We should follow the text of the Budget Act, which establishes the reconciliation process. Fully repealing the insurance mandates would comply with both the letter and the spirit of the statute. More important, the Senate parliamentarian does not ultimately determine what is allowable under reconciliation. That authority falls to the Senate and the vice president, the chamber’s presiding officer. As the former Senate parliamentarian Robert Dove once explained, the vice president is “the ultimate decider” on reconciliation: “The parliamentarian only can advise. It is the vice president who rules.”
For more about the conversation that has taken place on this subject, see Republicans’ Obamacare repeal fight turning into battle over Senate procedures, Philip Klein, Washington Examiner, 3/16/17.
Fixing the deficiencies of GovCare is a complicated subject, and all concerned may need to give some ground. To this end, it has been suggested that the president should reach out to Democrats and solicit their support – ignoring the precedent that they set by enacting the Affordable Care Act in 2010 without a single Republican vote – in order to achieve a lasting solution. Reach across the aisle, Mr. President, Peggy Noonan, Wall Street Journal, 3/16/17.
If it worked, Mr. Trump would crow he’s made the first big bipartisan deal in a generation—it’s a new day. It might help on future bipartisan efforts, such as infrastructure spending. And he can make it up to Republicans with conservative regulatory and tax reform.
Count us as skeptical of this notion, at least until Democrats demonstrate interest in participating in the process, but we would applaud the manner in which the president has engaged with interested parties on healthcare reform. Remarks by the president in listening session on healthcare [after which, participants got a chance to share their personal experiences with the president and his aides listening], 3/13/17.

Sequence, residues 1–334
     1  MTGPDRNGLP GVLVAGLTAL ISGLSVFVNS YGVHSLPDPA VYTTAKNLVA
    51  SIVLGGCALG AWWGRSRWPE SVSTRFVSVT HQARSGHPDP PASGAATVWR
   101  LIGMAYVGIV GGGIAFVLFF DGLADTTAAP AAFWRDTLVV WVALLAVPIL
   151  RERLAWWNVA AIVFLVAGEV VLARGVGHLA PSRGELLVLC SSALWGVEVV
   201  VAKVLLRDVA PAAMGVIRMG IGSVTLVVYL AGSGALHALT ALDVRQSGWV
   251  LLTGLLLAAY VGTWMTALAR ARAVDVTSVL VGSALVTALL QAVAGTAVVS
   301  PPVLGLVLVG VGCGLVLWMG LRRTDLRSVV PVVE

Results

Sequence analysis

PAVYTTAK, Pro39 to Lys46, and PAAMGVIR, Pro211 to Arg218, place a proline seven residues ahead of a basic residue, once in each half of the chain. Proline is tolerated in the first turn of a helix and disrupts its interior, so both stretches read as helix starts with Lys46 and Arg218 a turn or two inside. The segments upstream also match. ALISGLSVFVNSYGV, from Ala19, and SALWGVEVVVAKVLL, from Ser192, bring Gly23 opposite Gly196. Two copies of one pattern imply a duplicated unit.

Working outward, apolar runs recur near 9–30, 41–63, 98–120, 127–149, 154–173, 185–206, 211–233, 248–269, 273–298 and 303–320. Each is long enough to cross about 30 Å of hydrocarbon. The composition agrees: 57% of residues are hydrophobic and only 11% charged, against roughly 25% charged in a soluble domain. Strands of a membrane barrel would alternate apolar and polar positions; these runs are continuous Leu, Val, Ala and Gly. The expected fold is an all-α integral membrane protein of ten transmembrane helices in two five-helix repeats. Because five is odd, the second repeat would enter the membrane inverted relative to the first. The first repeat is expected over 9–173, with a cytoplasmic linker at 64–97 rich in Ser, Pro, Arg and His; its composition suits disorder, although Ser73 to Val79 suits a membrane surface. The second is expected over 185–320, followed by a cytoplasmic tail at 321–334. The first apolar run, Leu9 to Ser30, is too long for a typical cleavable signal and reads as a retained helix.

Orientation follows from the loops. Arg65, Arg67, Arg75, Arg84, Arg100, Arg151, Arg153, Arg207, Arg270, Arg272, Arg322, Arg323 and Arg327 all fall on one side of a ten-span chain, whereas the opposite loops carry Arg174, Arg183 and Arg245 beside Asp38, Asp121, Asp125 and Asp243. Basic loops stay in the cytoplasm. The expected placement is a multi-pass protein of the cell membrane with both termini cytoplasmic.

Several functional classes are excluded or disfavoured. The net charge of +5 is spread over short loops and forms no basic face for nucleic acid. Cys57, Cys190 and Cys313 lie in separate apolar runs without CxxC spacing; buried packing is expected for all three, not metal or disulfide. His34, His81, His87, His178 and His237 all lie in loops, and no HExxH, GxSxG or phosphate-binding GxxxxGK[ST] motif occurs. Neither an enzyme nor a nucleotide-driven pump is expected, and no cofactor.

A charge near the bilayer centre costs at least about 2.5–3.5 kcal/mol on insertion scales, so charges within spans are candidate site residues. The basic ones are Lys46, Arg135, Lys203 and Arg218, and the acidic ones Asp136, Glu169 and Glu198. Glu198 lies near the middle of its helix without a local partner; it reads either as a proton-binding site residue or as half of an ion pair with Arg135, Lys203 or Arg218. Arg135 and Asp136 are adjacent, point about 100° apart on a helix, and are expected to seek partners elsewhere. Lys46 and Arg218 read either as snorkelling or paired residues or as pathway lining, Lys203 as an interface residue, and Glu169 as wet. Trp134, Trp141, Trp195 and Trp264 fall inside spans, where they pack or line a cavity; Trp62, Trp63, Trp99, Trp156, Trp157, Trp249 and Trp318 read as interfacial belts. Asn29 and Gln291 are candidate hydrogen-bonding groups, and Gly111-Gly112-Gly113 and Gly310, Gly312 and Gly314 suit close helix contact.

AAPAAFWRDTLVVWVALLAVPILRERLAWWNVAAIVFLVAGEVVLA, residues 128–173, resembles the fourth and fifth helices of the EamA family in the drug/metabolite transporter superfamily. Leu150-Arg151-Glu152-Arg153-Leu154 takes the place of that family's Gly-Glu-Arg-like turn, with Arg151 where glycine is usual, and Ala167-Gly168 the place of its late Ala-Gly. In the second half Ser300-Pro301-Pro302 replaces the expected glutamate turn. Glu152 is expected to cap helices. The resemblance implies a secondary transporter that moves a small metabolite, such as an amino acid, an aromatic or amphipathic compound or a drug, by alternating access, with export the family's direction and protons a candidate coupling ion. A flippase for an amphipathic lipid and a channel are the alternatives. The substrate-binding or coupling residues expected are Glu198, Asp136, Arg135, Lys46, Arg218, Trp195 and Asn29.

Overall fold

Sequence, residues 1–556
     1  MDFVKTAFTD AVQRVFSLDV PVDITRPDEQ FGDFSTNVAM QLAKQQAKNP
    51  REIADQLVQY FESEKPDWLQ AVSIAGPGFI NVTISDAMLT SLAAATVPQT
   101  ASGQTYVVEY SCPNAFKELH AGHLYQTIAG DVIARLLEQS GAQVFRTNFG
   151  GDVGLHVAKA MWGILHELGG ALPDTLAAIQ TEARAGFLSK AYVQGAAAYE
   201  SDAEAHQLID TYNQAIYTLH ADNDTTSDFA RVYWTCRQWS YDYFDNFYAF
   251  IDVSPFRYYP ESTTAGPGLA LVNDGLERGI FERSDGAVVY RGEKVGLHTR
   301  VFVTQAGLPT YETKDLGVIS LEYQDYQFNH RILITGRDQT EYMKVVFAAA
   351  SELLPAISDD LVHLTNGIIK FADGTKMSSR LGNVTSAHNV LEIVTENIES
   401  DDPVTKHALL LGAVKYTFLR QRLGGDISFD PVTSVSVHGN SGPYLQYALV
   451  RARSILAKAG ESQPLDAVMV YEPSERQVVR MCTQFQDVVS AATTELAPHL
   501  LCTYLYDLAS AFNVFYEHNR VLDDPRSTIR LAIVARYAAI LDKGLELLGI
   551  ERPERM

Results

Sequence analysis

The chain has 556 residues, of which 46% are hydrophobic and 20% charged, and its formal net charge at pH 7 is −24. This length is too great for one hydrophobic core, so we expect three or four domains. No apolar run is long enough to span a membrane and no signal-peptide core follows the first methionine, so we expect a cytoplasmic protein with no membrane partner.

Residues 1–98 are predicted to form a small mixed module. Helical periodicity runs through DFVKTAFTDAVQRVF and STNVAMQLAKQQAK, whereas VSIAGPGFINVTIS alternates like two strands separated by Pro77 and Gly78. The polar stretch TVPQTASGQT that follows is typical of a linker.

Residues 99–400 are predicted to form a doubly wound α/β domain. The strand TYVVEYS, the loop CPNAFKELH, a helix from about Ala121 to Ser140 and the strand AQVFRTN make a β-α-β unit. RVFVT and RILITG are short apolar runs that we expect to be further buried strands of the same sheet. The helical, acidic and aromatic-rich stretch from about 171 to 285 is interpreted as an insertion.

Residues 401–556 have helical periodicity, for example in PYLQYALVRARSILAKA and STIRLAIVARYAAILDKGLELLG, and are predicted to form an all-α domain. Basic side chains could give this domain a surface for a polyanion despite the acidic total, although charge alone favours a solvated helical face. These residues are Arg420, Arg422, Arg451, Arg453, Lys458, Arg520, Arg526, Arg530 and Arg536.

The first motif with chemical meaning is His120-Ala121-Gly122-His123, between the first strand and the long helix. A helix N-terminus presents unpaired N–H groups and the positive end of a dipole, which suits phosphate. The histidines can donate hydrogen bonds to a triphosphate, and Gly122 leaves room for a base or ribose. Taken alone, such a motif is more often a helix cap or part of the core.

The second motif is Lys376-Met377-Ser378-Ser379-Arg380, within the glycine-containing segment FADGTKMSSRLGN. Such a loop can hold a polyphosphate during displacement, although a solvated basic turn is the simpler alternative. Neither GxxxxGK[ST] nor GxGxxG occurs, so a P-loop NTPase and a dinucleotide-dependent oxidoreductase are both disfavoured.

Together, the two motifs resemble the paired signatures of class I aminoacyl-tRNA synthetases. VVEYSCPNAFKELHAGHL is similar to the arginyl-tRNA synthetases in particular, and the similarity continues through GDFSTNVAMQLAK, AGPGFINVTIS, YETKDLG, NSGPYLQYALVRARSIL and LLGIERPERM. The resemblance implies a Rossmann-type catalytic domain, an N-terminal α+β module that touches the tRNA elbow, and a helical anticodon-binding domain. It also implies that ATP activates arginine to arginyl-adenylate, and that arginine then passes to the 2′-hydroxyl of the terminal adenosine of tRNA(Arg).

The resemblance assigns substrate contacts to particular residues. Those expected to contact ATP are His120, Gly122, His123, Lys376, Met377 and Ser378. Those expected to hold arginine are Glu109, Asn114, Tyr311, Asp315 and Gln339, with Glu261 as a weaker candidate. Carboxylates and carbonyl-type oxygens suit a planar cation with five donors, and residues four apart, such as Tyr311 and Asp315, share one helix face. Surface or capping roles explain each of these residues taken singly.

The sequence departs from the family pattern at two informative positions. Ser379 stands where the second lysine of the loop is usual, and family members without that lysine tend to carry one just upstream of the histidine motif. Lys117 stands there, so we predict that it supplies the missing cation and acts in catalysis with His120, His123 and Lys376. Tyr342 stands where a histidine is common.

We’re not going to have one-size-fits-all. Instead, we’re going to be working to unleash the power of the private marketplace to let insurers come in and compete for your business. *** More competition and less regulation will finally bring down the cost of care, and I think it will bring it down very significantly. Unfortunately, it takes a while to get there, because you have to let that marketplace kick in, and it’s going to take a little while to get there. Once it does, it’s going to be a thing of beauty.
What a contrast with the healthcare summit early in the previous administration. Note the one-way nature of the communications in that case. A tale of two summits [re fiscal responsibility and healthcare, respectively], 3/16/09.
President Obama was introduced and addressed the participants about the need for a comprehensive overhaul of the healthcare system, which he characterized as not only “a moral imperative” but also a “fiscal imperative” in order to “get our federal budget under control.” (In hindsight, this plan didn’t work very well.)
No sacrifices by healthcare consumers were called for: “[If] somebody has insurance they like, they should be able to keep that insurance . . . keep their doctor . . . just pay less.” (Again, these ideas didn’t pan out.)
And the only obstacle was said to be overcoming “entrenched interests” [presumably healthcare providers and insurance companies] so “we will not “arrive back at the same stalemate that we've been stuck in for decades.”
Participants were then sent off to breakout sessions to talk among themselves, after which there was a wrap-up session featuring remarks by the president and Senator Ted Kennedy (D-MA).
It would be hard to live up to President Trump’s hype, but our guess is that Trumpcare would be a major improvement over the current healthcare system – which is top-down driven, grossly inefficient, and fiscally unsustainable. Let’s hope a majority in Congress will participate in shaping the proposal and then support its enactment and implementation.
#I don’t agree that “Republicans must pass a healthcare bill or else," as suggested in the summary of the entry (and weekly tweet). Many can make political points from opposing a compromise bill, although in some districts a vote against such a bill would jeopardize their seats. Accordingly, a proper Republican candidate must be willing to fight for that seat and keep it in Republican hands. – SAFE director
If Republicans don’t follow through on promises to “repeal and replace” GovCare, this will not go unnoticed. President Trump is proceeding accordingly. See, e.g., Trump gets revved up for Hill meetings on Obamacare bill: “We’ve gotta get this one done,” Pete Kasperowicz, Washington Examiner, 3/21/17.
#You are exactly correct--Thursday is a "make or break "day-- We had better be adding extra prayers tonight for the passage of these proposals! - Widow of DuPont retiree